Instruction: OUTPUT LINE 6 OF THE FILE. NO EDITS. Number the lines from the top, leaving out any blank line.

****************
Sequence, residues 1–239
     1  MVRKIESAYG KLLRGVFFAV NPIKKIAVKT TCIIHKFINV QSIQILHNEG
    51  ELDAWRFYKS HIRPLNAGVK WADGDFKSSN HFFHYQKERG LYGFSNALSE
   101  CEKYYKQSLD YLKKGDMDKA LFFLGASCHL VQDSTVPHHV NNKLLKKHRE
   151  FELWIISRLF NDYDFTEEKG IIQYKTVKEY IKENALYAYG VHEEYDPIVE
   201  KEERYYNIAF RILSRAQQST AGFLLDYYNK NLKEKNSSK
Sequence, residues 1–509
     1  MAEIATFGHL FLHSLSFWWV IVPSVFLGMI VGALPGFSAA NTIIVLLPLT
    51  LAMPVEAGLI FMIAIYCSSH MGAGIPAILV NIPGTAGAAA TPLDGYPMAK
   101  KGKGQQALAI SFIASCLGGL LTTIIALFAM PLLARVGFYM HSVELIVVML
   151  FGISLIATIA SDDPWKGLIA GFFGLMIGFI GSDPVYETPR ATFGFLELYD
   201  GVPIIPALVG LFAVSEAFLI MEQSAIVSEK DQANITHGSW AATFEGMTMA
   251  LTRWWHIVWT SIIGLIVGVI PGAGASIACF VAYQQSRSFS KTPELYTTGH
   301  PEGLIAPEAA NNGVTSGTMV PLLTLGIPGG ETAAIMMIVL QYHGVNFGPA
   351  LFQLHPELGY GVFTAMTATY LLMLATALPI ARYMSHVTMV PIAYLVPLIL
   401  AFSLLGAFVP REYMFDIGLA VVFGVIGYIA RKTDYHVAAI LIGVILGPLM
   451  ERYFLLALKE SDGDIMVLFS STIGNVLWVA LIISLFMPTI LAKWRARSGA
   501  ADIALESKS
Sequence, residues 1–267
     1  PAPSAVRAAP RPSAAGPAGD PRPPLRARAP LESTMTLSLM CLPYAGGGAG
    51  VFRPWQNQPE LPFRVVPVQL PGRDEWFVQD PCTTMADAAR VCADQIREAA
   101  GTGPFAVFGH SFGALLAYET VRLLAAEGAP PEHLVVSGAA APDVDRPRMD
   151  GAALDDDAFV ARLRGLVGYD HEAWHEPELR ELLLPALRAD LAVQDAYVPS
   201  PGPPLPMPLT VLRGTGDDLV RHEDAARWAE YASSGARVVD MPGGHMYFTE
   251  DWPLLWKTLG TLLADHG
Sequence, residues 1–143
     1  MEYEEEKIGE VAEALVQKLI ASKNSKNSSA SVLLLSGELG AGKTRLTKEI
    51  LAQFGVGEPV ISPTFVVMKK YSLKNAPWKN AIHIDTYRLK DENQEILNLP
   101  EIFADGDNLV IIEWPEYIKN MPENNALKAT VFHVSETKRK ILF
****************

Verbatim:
   201  KEERYYNIAF RILSRAQQST AGFLLDYYNK NLKEKNSSK